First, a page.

The oldest Babylonian texts on medicine date back to the First Babylonian Dynasty in the first half of the 2nd millennium BC. The most extensive Babylonian medical text, however, is the Diagnostic Handbook written by the ummânū, or chief scholar, Esagil-kin-apli of Borsippa, during the reign of the Babylonian king Adad-apla-iddina (1069-1046 BC).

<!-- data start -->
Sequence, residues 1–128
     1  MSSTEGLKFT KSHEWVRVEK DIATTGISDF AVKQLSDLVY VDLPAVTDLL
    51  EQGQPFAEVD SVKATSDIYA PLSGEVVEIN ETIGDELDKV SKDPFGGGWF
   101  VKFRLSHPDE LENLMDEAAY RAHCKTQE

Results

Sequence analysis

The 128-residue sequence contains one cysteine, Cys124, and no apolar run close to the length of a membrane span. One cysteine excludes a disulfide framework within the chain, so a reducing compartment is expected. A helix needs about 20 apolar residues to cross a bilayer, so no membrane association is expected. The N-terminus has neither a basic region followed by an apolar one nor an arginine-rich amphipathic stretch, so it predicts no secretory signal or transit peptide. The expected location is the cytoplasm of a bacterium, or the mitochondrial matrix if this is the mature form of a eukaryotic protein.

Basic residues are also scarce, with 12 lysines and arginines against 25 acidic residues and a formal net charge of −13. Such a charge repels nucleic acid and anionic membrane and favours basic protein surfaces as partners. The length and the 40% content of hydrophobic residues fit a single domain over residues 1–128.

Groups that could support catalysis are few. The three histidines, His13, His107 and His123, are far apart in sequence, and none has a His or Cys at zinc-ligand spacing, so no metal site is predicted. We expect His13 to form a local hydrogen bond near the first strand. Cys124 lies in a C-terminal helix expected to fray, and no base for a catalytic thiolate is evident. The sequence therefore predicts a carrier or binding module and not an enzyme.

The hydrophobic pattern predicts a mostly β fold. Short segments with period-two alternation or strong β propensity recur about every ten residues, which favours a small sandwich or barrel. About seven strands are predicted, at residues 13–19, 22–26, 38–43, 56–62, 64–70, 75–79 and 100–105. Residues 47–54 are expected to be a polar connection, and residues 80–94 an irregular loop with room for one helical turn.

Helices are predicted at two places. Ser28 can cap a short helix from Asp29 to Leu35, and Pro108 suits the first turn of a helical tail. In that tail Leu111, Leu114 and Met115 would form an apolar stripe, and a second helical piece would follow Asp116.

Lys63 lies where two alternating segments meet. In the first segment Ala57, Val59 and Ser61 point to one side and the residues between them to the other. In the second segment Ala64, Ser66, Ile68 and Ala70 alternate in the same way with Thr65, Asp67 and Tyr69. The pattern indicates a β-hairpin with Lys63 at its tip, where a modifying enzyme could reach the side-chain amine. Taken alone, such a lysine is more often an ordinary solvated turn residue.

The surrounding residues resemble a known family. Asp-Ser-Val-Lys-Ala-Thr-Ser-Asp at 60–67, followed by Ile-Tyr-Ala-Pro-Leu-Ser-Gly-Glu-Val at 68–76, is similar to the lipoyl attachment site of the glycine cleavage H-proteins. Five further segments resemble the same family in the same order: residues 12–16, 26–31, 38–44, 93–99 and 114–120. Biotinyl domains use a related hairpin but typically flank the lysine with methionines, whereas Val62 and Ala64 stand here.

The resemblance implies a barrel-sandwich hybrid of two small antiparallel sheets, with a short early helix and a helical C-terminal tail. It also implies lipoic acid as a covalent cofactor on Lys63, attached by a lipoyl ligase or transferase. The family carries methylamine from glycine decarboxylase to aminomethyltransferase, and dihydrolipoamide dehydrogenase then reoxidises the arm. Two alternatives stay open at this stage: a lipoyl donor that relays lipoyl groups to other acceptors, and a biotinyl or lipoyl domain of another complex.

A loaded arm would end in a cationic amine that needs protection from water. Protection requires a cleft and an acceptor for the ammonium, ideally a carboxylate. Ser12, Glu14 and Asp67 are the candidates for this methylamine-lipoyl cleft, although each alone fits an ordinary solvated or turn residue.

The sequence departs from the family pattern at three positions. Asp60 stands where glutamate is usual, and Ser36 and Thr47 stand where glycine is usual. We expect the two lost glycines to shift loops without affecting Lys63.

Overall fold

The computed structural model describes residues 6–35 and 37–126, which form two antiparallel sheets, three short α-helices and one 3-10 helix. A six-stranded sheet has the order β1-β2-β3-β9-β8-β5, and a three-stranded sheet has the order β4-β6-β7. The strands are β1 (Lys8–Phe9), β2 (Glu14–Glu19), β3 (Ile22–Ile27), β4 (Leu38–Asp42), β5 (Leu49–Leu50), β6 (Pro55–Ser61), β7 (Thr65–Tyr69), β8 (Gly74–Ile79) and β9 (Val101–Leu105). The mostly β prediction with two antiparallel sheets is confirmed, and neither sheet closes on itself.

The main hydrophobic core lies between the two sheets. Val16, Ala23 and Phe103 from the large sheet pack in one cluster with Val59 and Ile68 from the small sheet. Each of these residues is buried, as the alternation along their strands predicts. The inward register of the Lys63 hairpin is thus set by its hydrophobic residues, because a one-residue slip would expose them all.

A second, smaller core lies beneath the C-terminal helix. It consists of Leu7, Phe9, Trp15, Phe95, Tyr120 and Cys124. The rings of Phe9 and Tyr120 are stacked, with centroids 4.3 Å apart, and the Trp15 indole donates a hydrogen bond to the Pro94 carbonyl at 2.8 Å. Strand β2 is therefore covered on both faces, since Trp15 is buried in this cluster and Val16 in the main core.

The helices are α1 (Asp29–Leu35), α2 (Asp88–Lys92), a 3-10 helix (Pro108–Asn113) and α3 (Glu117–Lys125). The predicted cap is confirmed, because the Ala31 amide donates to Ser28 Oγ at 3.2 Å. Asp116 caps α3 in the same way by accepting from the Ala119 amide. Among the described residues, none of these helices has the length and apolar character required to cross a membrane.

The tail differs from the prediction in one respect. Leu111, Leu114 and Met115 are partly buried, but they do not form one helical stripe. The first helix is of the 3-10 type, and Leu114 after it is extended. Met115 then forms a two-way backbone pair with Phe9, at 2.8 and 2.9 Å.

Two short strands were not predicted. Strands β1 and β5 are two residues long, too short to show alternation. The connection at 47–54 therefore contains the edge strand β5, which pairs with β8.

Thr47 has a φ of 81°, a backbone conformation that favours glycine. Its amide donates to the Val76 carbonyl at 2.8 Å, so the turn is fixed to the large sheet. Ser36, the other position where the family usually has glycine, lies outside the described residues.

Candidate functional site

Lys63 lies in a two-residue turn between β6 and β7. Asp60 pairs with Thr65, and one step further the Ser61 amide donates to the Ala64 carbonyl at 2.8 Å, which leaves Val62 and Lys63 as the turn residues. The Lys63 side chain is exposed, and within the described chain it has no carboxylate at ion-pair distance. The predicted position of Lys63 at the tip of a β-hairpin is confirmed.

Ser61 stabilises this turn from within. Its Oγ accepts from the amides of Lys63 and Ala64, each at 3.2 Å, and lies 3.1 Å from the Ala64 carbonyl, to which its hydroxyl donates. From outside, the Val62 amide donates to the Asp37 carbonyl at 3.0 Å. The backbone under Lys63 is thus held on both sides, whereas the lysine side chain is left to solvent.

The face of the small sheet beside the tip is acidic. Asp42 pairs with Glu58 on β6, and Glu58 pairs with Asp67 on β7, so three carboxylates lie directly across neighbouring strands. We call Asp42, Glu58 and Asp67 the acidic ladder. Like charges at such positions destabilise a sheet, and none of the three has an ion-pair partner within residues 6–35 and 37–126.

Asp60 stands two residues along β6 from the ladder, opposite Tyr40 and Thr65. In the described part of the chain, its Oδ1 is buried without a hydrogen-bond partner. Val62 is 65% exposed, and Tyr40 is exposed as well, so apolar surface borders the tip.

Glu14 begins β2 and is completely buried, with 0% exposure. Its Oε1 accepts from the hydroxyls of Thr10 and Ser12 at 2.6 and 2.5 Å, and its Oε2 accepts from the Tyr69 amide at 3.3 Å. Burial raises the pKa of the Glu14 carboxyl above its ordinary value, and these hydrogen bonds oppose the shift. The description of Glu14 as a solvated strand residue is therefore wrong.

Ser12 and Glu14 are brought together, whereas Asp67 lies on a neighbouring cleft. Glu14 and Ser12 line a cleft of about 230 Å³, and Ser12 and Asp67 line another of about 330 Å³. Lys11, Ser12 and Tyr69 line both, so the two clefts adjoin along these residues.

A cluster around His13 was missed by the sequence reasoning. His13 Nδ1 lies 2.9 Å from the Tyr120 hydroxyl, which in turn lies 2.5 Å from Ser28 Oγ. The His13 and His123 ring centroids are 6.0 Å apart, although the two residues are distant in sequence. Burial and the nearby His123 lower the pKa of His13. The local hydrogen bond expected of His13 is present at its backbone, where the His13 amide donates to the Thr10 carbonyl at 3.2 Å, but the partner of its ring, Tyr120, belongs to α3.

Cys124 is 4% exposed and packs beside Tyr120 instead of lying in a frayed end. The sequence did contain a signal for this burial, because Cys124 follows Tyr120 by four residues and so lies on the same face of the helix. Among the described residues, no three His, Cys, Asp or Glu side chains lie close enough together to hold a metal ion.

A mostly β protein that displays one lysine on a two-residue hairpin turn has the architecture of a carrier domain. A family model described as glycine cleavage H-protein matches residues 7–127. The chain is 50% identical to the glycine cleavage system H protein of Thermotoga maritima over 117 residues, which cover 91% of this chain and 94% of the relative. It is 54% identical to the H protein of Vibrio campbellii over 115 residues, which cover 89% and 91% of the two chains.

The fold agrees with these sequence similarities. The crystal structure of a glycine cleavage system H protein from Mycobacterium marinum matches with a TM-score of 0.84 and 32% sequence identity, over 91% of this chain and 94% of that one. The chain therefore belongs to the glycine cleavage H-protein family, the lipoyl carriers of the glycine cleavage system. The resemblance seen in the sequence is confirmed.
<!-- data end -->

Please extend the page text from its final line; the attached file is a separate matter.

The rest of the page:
Along with contemporary ancient Egyptian medicine, the Babylonians introduced the concepts of diagnosis, prognosis, physical examination, and prescriptions. In addition, the Diagnostic Handbook introduced the methods of therapy and aetiology and the use of empiricism, logic and rationality in diagnosis, prognosis and therapy. The text contains a list of medical symptoms and often detailed empirical observations along with logical rules used in combining observed symptoms on the body of a patient with its diagnosis and prognosis.